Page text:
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Lisbon Treaty

October 5, 2009

Ireland's endorsement of the Lisbon Treaty has been largely saluted across the 27 nations of the EU. Here's what some of Europe's papers have to say about the resounding 'yes' vote and the future of the reform treaty.

European newspapers welcome the Irish 'yes'Image: BilderBox

Germany's Neue Osnabruecker Zeitung welcomed Ireland's acceptance of the Lisbon Treaty, but said it was primarily motivated by money. "Nothing fanned the flames of love for Europe among the Irish as much as the thought of having to fight their way out of the crisis without cash injections from Brussels." The paper was critical of the fact that the Irish were the only people in the 27 nation block allowed to vote on a treaty "with such reach". It said all citizens of Europe should have been allowed to have their say at the ballot box.

In the Netherlands, de Volkskrant said the second Irish poll was no longer really about the treaty, but about whether or not the people of Ireland wanted to remain in the EU at all. "The mood has changed radically since the last referendum. The financial crisis has taught the 'Celtic Tiger' that it is safer to be in the EU harbor during a storm."

In Paris, the conservative Le Figaro said it was now up to the Czech president to do the right thing by the citizens of Europe. "The resounding 'yes' from Ireland ought to have cleared the path for the ratification of the Lisbon Treaty. The resistance - albeit fierce - from one man cannot oppose the will of 500 million Europeans." It added that Vaclav Klaus might like, against the wishes of his government and his people, to hold the treaty hostage until the Conservatives take up the reins of power in Britain. But such a manoeuvre, it concluded, would be "dishonourable."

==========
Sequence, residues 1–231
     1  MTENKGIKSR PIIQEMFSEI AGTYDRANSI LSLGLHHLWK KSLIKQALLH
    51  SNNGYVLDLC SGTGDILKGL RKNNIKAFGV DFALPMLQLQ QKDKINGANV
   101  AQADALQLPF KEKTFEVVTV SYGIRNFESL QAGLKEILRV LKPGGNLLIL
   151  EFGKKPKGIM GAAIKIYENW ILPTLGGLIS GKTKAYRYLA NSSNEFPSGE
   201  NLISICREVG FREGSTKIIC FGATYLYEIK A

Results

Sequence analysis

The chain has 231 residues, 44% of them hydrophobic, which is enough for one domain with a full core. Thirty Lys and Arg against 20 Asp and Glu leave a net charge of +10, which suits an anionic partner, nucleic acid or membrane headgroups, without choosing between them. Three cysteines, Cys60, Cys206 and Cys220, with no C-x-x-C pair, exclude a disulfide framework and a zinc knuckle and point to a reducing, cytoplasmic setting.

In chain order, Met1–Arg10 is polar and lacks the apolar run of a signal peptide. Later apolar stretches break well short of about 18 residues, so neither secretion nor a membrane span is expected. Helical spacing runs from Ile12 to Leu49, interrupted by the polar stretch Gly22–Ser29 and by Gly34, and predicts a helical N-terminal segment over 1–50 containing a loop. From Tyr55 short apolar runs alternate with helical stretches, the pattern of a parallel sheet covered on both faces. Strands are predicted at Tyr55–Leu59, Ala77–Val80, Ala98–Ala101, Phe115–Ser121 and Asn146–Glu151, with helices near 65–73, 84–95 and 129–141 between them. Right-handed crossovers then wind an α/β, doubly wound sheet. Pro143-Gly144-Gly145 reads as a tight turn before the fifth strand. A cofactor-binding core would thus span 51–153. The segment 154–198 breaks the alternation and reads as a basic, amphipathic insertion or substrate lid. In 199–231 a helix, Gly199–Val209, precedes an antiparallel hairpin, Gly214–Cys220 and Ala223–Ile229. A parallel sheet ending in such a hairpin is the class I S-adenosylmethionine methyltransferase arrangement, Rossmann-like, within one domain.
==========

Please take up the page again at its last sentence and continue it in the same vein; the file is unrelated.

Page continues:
Irish people hold up 'yes' banners in the streets
'Yes' was the word on the lips of 67 percent of voters in IrelandImage: AP

The British daily, The Times says the Ireland vote represents another surrender to Brussels and laments the fact that the British population never got their chance at a referendum. "If the British saw the Lisbon Treaty as a genuine agreement among independent nations, which had been ratified either by a referendum or a general election, they might accept it. But it is not, and they do not. They are now asking themselves whether the benefits of belonging to a complex bureaucratic regional block of ageing powers and declining economies outweigh the sacrifice of British sovereignty. Whether it is in Britain's interest to remain in the European Union has become a matter of legitimate debate."

Poland's left-liberal Gazeta Wyborcza said the green light from the emerald isle meant the EU was now going to have to face some major challenges. "The first test of the effectiveness of the EU under the new treaty will be expansion. French President Nicolas Sarkozy and German Chancellor Angela Merkel said expansion would not be possible without the Lisbon Treaty. Now that its implementation is as good as guaranteed, they will have to take their foot off the brakes." It added that Croatia, Iceland, Turkey, Serbia, Bosnia and Herzegovina, Montenegro and Kosovo are waiting to join. "In 2010, Ukraine will apply for membership and sooner or later, Belarus and Moldavia will follow suit."

Austria's Der Standard praised the Irish for their 'yes' vote, saying they had left little room for Czech President to throw a last minute spanner in the works. But the question now, the paper wrote, is whether or not the treaty will prove a success. "Can labored joint policies push through planned reforms on migration, domestic security, external relations and increased democracy in EU institutions?" In order to do so, the paper wrote, member states will have to stop demonstrating signs of "national small-mindedness and egotism."

Editor: Andreas Illmer